Toppin’s perceived upside as a draft prospect may be lower than other top-5 challengers — he’s a redshirt sophomore who will turn 22 years old before the draft — but look: I don’t care. Sure, a team may talk themselves into betting on upside with James Wiseman or Onyeka Okongwu, teenage phenoms who are likely to challenge as the best center prospects in the class, but I’m taking Toppin right now with no hesitation.

Isaac Okoro, Auburn

Current rank: No. 12

Previous rank: No. 24

Auburn has five seniors on its roster this season, officially. Unofficially, Tigers coach Bruce Pearl has come to recognize true freshman wing Isaac Okoro as a fresh-senior (a freshman who plays like a senior.) That’s what makes Okoro profile as such an interesting prospect: he’s almost always in the right spot, already a menace defensively, and still just scratching the surface for what he can become on offense, although his status is in question after he left Wednesday’s victory vs. Alabama with an apparent hamstring injury. 


Trendon Watford, LSU

Current rank: No. 36

Previous rank: No. 19

The length, size and skill of Trendon Watford will continue to intrigue scouts. He has superb body control and the flashes he’s shown creating his own offense off the bounce is why, among other reasons, I’m a believer. But right now it’s hard to ignore the inefficiencies and rationalize him as a first-rounder: he’s shooting below 30% from 3-point range and has a negative assist/turnover ratio. If I’m picking at the top of the second round I’d take a long look. He’s not quite lived up to the hype of his five-star status, but he’s still comfortably inside my top-40.

Scottie Lewis, Florida

Current rank: No. 46

Previous rank: No. 27

Scottie Lewis is another former five-star, like Watford, who is trending downwards overall. The defense: A. The effort, length and competitiveness: A. But the lack of potency on offense combined with virtually no impact as a playmaker has dropped him on my board from a first-rounder to a mid-second-round prospect. Teams may buy into the pedigree and the immediate impact he can make on defense as reasons to buy low on Lewis, but the lack of polish in his game is keeping him just outside the first-round discussion for me right now.

Kyle Boone’s Top 50 NBA Draft Big Board

Rank Player School/Country Class Pos. Pos. Rk. HT WT
1 LaMelo Ball Australia PG 1 6-6 180
2 Anthony Edwards Georgia Fr SG 1 6-5 225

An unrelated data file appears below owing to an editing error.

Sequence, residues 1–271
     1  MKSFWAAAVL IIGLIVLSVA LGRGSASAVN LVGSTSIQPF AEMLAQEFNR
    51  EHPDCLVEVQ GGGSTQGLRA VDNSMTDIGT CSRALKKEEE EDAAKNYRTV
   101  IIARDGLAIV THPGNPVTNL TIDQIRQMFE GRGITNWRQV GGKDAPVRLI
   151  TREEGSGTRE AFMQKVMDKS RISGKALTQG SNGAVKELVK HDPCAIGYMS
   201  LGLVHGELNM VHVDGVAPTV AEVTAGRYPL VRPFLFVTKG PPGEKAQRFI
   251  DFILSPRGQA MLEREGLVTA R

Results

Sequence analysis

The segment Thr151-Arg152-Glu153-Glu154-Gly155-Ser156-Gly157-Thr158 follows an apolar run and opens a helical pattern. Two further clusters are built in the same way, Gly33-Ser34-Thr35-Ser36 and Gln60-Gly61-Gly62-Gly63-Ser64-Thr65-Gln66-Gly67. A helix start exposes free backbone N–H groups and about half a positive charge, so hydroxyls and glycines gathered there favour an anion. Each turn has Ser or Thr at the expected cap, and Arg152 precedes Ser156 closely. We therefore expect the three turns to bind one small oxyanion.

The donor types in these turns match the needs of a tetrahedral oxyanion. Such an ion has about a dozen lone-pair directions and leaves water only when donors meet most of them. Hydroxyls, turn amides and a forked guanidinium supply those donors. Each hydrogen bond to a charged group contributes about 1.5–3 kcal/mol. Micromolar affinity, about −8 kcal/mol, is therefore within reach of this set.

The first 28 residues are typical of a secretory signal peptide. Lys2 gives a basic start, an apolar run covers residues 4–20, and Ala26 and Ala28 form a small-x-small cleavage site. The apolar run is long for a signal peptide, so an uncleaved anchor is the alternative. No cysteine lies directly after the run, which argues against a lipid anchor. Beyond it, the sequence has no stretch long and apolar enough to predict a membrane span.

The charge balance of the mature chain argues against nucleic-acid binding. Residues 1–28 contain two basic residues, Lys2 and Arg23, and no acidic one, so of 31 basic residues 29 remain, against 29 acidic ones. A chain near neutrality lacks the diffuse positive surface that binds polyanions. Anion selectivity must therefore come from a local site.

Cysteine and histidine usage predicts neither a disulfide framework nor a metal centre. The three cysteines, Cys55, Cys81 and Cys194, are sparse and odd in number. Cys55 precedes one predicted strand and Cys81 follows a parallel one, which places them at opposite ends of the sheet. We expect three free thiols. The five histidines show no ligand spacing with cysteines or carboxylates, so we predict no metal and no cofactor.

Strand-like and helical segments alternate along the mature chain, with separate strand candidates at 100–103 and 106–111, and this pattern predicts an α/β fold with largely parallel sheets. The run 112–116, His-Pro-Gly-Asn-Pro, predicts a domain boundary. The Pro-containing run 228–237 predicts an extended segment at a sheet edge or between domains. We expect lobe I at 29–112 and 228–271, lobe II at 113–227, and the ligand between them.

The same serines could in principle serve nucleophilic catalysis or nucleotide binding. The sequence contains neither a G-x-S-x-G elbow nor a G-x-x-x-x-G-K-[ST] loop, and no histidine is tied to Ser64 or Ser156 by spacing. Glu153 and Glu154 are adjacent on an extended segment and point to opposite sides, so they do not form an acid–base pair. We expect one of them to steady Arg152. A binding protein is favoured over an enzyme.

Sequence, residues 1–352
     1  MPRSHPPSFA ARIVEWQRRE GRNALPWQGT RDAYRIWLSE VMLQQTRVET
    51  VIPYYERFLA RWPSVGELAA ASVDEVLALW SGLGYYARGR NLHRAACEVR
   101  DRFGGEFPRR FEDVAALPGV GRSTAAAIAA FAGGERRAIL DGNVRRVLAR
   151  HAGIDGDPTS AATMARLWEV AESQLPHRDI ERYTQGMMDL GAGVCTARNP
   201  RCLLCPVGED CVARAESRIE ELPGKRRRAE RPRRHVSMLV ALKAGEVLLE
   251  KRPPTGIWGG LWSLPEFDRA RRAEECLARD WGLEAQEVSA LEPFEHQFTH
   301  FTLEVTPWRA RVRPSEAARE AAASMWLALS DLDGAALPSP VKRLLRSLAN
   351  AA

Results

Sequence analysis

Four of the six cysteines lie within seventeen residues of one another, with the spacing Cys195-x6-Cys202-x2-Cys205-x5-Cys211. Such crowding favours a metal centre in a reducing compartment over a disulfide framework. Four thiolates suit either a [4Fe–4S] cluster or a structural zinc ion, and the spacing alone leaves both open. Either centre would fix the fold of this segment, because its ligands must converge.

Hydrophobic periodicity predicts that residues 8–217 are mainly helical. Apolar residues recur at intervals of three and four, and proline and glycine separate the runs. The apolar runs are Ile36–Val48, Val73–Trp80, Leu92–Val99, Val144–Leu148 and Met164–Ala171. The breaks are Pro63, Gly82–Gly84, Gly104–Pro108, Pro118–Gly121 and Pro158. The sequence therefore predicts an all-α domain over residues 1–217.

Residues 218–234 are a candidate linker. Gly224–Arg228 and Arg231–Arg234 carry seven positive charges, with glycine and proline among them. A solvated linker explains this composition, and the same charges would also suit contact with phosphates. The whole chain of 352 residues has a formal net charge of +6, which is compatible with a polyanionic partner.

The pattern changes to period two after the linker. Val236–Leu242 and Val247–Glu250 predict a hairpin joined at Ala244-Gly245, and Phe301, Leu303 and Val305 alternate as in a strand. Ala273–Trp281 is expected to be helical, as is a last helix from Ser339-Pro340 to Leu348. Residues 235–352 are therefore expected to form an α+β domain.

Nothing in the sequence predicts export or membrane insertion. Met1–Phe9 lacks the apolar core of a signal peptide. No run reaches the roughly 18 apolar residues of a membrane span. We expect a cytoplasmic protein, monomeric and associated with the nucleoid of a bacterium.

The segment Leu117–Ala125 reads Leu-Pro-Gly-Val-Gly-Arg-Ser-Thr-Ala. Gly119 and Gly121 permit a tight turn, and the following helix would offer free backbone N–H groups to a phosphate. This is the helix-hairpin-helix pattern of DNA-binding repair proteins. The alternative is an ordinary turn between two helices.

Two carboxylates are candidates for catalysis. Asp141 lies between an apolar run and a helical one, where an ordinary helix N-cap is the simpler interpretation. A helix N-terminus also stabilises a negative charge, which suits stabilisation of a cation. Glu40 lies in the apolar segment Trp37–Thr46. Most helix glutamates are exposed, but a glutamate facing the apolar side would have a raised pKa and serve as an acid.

3 Obi Toppin Dayton Soph PF 1 6-9 220
4 Cole Anthony N. Carolina Fr SG 2 6-3 190
5 Tyrese Maxey Kentucky Fr SG 3 6-3 198
6 Deni Avdija Israel SF 1 6-9 215
7 Tyrese Haliburton Iowa St. Soph PG 2 6-5 175
8 James Wiseman Memphis Fr C 1 7-1 240
9 Onyeka Okongwu USC Fr PF 2 6-9 245
10 Killian Hayes France PG 3 6-5 192
11 R.J. Hampton New Zealand SG 4 6-5 185
12 Isaac Okoro Auburn Fr SF 2 6-6 225
13 Nico Mannion Arizona Fr PG 4 6-3 190
14 Precious Achiuwa Memphis Fr SF 3 6-9 225
15 Jaden McDaniels Washington Fr PF 3 6-9 200
16 Theo Maledon France PG 5 6-4 174
17 Tre Jones Duke Soph PG 6 6-3 185
18 Isaiah Stewart Washington Fr C 2 6-9 250
19 Aaron Nesmith Vanderbilt Soph SF 4 6-6 213
20 Xavier Tillman Michigan St. Jr PF 4 6-8 245
21 Saddiq Bey Villanova Soph SF 5 6-8 216
22 Isaiah Joe Arkansas Soph SG 5 6-5 180
23 Josh Green Arizona Fr SG 6 6-6 210
24 Kira Lewis Jr. Alabama Soph PG 7 6-3 165
25 Zeke Nnaji Arizona Fr C 3 6-11 240
26 Matthew Hurt Duke Fr PF 5 6-9 214
27 Cassius Winston Michigan St. Sr PG 8 6-1 185
28 Vernon Carey Jr. Duke Fr C 4 6-10 270
29 Jahmi’us Ramsey Texas Tech Fr SG 7 6-4 195
30 Patrick Williams Florida St. Fr SF 6 6-8 225
31 Jordan Nwora Louisville Jr SF 7 6-7 225
32 Paul Reed DePaul Jr PF 6 6-9 220
33 Devin Vassell Florida St. Soph SF 8 6-7 194
34 Devon Dotson Kansas Soph PG 9 6-2 185
35 Jalen Smith Maryland Soph C 5 6-10 225
36 Trendon Watford LSU Fr PF 7 6-9 235
37 Ashton Hagans Kentucky Soph PG 10 6-3 198
38 Ayo Dosunmu Illinois Soph PG 11 6-5 185
39 Tyrell Terry Stanford Fr PG 10 6-2 160
40 Myles Powell Seton Hall Sr PG 11 6-2 195
41 Grant Riller Charleston Sr PG 12 6-3 190
42 Skylar Mays LSU Sr SG 8 6-4 205
43 Robert Woodard II Miss. State Soph SG 9 6-7 235
44 Daniel Oturu Minnesota Soph C 6 6-10 240
45 Aaron Henry Michigan St. Soph SG 10 6-6 210
46 Scottie Lewis Florida Fr SF 9 6-5 185
47 Reggie Perry Mississippi State Soph PF 8 6-10 250
48 Markus Howard Marquette Sr PG 13 5-11 180
49 Joe Wieskamp Iowa Soph SF 10 6-6 210
50 Ochai Agbaji Kansas Soph SF 11 6-5 210